Mariners get no offense to back strong outing by Saunders
Joe Saunders allows just six hits in eight innings, but Mariners manage just two hits off C.J. Wilson in 1-0 loss to the Los Angeles Angels.
Seattle Times staff reporter
M’s @ Angels, 7:05 p.m., ROOT Sports
By Wednesday night’s seventh inning, he probably figured he was better off watching him on television. It was Trout who ended the final scoring chance the Mariners had in a 1-0 loss Wednesday night to the Los Angeles Angels by hauling in a Zunino drive to the left field wall with two on in the seventh inning.
A half-inning prior, Trout had scored the game’s only run from third base on a Joe Saunders changeup that skipped on by Zunino for a wild pitch. The loss dropped the Mariners nine games below .500 on a night they managed just two hits off Angels starter C.J. Wilson and saw several hard-hit balls run down by defenders.
“Aw man, that whole outfield, they can really play,’’ Zunino said. “It’s one of those things where it’s a valuable weapon to them. He (Trout) is obviously a great defender, and he’s done it many times before.’’
The last thing the Mariners need right now is to face a team that can defend like the Angels. Seattle’s offense has hit several additional home runs this season, but lately has resembled squads of two or three years ago in terms of ineptitude when the ball doesn’t leave the yard.
The Mariners are struggling to get runners on base, then are among the game’s worst at driving in anyone they do get on. They have seen their scoring limited to just an inning or two per night throughout a seven-game trip that ends Thursday, causing most contests to be closer than they have to be, or turn into blowout losses when their opponent gets going.
Saunders did as good a job possible of limiting the damage on the six hits he allowed over eight innings in tossing the complete game. But it wasn’t enough to overcome his offense’s struggles against Wilson.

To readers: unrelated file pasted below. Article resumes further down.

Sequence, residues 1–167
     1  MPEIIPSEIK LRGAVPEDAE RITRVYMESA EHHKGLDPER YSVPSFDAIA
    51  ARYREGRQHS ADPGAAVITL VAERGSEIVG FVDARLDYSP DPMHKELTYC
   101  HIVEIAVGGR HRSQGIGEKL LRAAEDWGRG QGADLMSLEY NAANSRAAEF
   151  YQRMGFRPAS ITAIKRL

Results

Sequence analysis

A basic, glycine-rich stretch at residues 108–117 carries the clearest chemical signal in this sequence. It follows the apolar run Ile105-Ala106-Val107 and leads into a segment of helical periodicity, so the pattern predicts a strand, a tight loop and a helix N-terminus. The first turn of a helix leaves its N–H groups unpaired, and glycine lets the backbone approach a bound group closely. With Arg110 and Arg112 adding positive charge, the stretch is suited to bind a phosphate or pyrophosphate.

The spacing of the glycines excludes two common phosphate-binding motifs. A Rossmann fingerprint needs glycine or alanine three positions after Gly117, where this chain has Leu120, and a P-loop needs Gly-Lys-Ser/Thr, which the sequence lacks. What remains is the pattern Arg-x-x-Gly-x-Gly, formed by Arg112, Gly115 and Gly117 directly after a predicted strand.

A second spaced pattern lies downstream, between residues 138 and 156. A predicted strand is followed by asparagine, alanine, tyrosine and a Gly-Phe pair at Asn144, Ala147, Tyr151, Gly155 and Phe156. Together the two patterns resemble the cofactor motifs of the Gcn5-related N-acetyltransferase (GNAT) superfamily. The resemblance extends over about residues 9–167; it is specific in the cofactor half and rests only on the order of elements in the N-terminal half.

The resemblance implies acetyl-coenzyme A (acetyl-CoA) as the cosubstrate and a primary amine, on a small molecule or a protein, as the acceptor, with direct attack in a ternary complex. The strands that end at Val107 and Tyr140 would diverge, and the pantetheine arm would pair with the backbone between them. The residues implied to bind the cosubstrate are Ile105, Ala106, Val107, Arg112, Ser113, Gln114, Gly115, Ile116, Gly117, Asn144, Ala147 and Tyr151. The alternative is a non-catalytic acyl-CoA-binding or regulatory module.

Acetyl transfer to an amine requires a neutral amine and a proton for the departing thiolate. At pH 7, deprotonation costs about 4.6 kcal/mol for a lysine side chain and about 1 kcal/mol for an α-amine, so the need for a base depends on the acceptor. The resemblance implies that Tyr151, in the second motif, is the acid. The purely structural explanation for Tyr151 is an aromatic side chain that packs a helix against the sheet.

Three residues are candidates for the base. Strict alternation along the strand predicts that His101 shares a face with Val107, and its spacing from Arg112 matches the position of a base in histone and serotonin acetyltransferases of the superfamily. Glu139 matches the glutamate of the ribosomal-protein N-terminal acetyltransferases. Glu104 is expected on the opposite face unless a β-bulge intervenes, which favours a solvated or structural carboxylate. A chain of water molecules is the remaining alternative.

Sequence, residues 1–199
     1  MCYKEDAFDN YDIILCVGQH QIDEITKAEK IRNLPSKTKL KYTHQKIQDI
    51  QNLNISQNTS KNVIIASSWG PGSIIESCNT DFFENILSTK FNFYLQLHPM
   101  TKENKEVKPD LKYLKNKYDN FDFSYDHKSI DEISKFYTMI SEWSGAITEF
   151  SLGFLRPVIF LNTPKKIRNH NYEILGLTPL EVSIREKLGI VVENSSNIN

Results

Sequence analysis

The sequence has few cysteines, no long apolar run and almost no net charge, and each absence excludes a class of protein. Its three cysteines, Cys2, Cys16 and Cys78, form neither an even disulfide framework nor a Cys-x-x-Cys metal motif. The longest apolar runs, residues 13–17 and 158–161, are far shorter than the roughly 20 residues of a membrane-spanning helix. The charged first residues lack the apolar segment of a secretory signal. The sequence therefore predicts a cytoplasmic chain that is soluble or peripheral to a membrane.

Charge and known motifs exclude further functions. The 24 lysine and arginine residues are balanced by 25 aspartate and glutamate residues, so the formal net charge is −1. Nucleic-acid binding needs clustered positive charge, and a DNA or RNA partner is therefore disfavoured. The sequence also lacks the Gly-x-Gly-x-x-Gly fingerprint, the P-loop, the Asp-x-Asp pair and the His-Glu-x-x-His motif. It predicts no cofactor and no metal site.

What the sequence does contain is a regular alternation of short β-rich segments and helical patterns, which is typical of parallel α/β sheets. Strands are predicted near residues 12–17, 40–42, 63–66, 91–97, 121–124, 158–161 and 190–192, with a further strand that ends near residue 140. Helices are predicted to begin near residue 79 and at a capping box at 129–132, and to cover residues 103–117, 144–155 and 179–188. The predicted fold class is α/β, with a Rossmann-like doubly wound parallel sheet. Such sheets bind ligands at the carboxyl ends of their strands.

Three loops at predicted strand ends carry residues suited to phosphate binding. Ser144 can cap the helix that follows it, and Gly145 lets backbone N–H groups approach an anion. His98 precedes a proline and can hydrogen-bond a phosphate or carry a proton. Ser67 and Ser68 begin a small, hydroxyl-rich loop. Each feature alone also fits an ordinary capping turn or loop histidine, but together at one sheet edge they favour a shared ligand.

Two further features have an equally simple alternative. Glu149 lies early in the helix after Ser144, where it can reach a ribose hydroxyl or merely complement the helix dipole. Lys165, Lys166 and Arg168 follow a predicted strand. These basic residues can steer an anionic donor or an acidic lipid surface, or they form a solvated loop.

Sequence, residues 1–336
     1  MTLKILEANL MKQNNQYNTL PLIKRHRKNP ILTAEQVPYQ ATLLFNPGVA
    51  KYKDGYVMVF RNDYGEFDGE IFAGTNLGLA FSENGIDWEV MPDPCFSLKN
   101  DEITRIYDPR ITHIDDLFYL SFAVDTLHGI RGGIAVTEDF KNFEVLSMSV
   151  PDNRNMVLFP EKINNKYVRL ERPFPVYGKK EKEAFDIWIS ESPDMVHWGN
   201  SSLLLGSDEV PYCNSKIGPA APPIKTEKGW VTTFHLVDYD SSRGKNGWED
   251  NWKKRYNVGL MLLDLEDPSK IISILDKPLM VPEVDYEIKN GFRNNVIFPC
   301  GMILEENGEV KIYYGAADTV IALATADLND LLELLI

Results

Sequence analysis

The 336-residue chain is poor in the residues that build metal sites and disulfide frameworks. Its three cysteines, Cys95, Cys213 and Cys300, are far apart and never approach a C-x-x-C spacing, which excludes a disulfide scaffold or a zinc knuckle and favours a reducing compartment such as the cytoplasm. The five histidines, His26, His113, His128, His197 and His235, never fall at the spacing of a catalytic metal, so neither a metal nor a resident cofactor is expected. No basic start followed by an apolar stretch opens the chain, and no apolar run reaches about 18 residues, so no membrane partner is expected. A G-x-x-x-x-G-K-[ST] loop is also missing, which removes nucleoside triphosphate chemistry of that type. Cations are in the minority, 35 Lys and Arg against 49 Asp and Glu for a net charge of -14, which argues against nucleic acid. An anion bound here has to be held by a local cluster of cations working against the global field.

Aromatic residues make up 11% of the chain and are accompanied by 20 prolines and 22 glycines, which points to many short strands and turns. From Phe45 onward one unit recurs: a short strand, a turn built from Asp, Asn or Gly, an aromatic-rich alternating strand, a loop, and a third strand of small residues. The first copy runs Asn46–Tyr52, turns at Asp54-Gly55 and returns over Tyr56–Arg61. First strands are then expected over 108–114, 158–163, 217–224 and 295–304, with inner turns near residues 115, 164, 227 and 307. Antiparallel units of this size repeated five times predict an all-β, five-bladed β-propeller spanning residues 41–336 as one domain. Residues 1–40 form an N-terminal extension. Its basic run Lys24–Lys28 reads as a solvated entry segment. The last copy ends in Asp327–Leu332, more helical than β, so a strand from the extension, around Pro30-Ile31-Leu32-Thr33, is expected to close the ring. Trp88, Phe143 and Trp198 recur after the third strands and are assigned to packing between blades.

It was Trout who broke the scoring ice, in front of 35,401 at Angel Stadium, by using his speed to leg out a double on a ball cut off by left fielder Raul Ibanez before it could reach the corner. Trout then tagged up and took third on a fly ball hit to medium-depth in right center and then scored easily on the wild pitch.
“It was a changeup down and away,’’ Zunino said. “It just sort of sped up on me a bit. We were obviously just trying to be careful over there in that situation and wanted to keep the ball down in the zone.’’
Saunders didn’t have much to complain about the rest of his 100-pitch effort. But he clearly wanted that one back.
“It was a tough one,’’ Saunders said. “I’m more mad at myself for letting a run score on a wild pitch. It’s just one of those things where runs were hard to come by tonight.’’
Runs have been impossible to come by for his team the two times Saunders has now faced the Angels. He debuted with the Angels in 2005 and spent parts of six seasons pitching with them. His Diamondbacks team managed just one hit here off Ervin Santana in a 2-0 loss his only previous start facing the Angels.
“I just picked the wrong day to pitch, really,’’ Saunders quipped.
Saunders said he knew he would have to step up his game the way Wilson was dealing. The only other Seattle scoring chance came in the second inning when Kendrys Morales reached on a high chopper that Wilson allowed to hit the ground – perhaps hoping it would go foul.
Morales later took second on a wild pitch and then – two strikeouts later – Zunino walked to put two on. But Michael Saunders hit a pop-up foul to shallow left and it was run down by shortstop Erick Aybar.
The Mariners didn’t get a solid single until Kyle Seager lined a ball to right in the seventh, and Michael Morse was then hit by a pitch to put two on with one out, but Ibanez took a called strikeout and Zunino’s ball was hauled in by Trout.
“Nobody else in the game catches that ball,’’ Mariners manager Eric Wedge said, adding that his team hit several more balls hard than it had the prior night. “I thought it was going to be out of here, but it must have had a little bit of topspin.
“But a ball that’s hit that hard and not real high, right over your head, to get back there like he did and catch it? Nobody else in the game can do that.’’
Over their last dozen games, Mariners starters have an earned-run average of 1.77. But the team’s record over that span is just 6-6 because the Mariners have averaged just 2.42 runs per game.
“You’ve got to score if you’re going to have a chance to win,’’ Wedge said.
Geoff Baker: 206-464-8286 or email@example.com.
On Twitter @gbakermariners